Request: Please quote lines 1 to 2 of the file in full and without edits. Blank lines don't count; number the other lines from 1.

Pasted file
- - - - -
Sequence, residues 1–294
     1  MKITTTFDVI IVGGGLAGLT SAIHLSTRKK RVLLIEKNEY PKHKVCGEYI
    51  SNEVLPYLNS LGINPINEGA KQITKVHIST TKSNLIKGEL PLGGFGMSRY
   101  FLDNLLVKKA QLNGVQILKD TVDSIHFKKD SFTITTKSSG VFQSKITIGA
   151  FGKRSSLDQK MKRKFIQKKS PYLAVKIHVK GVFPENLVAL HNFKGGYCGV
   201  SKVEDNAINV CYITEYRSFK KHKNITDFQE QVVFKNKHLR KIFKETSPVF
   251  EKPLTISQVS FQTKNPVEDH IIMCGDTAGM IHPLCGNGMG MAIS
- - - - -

Sequence, residues 1–294
     1  MKITTTFDVI IVGGGLAGLT SAIHLSTRKK RVLLIEKNEY PKHKVCGEYI